Joseph Schumpeter in his book, Theory of Economic Development, states that compared to established firms, small entrepreneurial firms are most likely to be the source of radical innovation. Since the onset of the Industrial Revolution a number of revolutionary technological breakthroughs were contributed in overwhelming proportions by independent investors and small, newly founded enterprises, and not by major firms (Grieco, 2005).
Based on the standard innovation process model, a large number of economic and organisational reasons have been offered explaining why incumbent companies are generally more enthusiastic towards incremental innovation than towards radical innovation. Radical innovations tend to change the rules of competition and markets by challenging established products, technology, knowledge and practices and hence by their very nature tend to be disruptive for incumbent organisations .It targets less demanding customers with low cost models, knowing that established players cannot cut costs to compete with new entrants. It is observed that incumbents unknowingly create opportunities for new entrants to innovate newer business models with low costs and improved product features, while consistently failing to retain their foothold in managing market discontinuity during times of radical innovation. IBM, for example, failed to recognise the emergence of mini computers.
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At the same time there are enough examples of incumbent companies that have been flexible enough to adapt themselves and have not only survived the market discontinuities due to radical innovation but have shown sustained improvement in performance. Their customer base remains unaffected by the winds of change.
Customer awareness and learning accelerate the desire for more. The growth in economy and markets reflect a parallel growth in the personal needs of the customer. However, technology generally grows faster than the markets, and incumbents who are ahead in the technology curve create "technology niche" (Christensen) for new entrants to occupy. There are several managerial and organisational challenges incumbents face in handling "creative disruption" (Schumpeter, 1934). Lack of advance knowledge of strategy to be adopted or probability of a success of a fuzzy idea, how to overcome organisational inertia to change and divert resources from established markets to emerging markets are some of the inhibiting factors. For most radical innovations to succeed, a strong and passionate leadership with an entrepreneurial mindset is an absolute must.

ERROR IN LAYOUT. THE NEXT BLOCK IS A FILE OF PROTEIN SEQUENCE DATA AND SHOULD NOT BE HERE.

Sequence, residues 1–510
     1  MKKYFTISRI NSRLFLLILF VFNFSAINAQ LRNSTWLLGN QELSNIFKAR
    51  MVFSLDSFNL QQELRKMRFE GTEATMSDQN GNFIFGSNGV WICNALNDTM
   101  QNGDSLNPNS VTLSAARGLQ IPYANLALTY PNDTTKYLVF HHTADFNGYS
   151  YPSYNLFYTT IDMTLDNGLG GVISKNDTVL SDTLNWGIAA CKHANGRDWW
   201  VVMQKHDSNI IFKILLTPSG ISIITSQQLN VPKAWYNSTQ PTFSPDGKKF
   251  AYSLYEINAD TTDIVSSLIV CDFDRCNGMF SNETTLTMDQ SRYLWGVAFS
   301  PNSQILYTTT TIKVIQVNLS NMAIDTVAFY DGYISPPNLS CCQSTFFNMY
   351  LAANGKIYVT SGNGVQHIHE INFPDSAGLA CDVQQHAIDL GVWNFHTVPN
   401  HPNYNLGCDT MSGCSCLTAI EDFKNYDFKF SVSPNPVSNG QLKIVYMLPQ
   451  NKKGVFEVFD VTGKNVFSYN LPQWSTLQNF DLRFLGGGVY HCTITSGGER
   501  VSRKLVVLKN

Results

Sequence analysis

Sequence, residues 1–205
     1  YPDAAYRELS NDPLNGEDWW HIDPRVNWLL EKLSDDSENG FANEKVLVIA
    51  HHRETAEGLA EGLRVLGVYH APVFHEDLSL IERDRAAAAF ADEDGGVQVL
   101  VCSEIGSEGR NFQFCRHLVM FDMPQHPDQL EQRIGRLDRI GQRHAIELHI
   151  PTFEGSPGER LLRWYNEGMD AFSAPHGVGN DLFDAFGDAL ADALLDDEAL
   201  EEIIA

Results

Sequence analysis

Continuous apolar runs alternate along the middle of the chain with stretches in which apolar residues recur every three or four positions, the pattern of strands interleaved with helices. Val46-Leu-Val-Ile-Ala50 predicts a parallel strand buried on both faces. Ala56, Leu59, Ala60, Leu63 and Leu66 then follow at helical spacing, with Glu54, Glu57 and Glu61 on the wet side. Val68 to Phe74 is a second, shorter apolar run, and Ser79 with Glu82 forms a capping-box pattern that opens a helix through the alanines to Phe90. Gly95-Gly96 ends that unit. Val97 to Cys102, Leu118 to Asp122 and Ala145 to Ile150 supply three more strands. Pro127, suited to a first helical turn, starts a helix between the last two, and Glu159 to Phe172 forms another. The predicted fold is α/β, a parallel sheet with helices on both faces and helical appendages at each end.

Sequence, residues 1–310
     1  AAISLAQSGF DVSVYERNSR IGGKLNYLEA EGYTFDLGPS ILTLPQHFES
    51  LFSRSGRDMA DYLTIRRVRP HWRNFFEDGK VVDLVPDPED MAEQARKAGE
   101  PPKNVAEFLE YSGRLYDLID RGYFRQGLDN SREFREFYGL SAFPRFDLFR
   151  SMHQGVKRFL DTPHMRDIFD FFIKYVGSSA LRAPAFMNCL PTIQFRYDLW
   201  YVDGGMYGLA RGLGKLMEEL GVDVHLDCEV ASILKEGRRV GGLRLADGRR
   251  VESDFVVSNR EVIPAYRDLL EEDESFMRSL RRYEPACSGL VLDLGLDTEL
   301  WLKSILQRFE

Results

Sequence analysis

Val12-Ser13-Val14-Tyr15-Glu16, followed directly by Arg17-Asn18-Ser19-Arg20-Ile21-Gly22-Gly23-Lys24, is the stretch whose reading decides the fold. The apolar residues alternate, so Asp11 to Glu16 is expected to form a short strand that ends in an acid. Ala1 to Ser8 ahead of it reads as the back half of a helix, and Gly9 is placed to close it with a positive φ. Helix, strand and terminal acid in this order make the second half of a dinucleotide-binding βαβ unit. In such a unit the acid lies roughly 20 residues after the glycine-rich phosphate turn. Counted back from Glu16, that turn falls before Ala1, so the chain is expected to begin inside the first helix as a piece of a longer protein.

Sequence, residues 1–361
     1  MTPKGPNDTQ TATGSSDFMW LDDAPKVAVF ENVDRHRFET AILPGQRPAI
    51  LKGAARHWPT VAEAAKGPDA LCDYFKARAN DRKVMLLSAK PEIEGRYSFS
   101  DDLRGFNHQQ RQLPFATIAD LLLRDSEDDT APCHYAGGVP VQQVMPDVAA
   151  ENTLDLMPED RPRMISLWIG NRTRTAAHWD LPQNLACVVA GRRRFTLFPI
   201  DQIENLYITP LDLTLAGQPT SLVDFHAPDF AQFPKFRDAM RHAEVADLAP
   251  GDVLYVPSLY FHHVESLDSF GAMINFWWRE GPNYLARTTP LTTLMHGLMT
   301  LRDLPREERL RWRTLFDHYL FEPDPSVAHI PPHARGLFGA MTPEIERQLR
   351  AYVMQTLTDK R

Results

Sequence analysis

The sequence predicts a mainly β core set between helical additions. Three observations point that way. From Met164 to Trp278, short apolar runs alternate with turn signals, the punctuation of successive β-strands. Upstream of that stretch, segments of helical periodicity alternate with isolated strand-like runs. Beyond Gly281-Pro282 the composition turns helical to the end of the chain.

This paper examines the concept of radical innovation in the backdrop of economic, business strategy, motivation and organisational issues for both incumbents and new entrants. It highlights how new entrants are better able to absorb the high risk and high reward nature of disruptive technologies. It examines the entry barriers that incumbent firms face when embracing radical innovation and how cognition impacts organisational inertia (Tripsas M, Gavetti G, 2000). The paper then goes on to present evidence of cases where incumbents being accustomed to incremental innovation have gone ahead and successfully adopted radical innovation. Through innovative business models these incumbent companies have overcome their disadvantages and been able to defend their leadership position.
Radical innovation: Impact on incumbents and new entrants
As opposed to incremental innovation, whose aim is to enhance / improve existing product lines and services; radical innovation tends to render existing products and services non-competitive and often implies changes that destroy the competences that exist in an established organisation. Radical changes produce an entirely new set of performance features within an organisation and lead to a significant cost reduction (Leifer, McDermott, O'Connor, Peters, Rice, Veryzer, 2000).
Radical innovations by their very disruptive nature open up new market opportunities or "technological niches" (Christensen) while at the same time impacting demand for existing product lines. Radical innovations address markets in three different ways: by targeting underserved / not served customer category thereby creating a new customer segment or by attracting customers who have no need for the feature rich and high priced incumbent product and lastly by adopting a low cost business model and hence a lower priced product.
Mainstream customers resist radical innovations. Whilst these may not be very different from a technological perspective, but they introduce new product attributes which these customers do not value. They lack product quality and performance in key parameters, for example while Sony offered small size and portability it sacrificed sound fidelity in the earlier radio models , at the same time it created a new market for portable radios (Bower, Christensen,1995).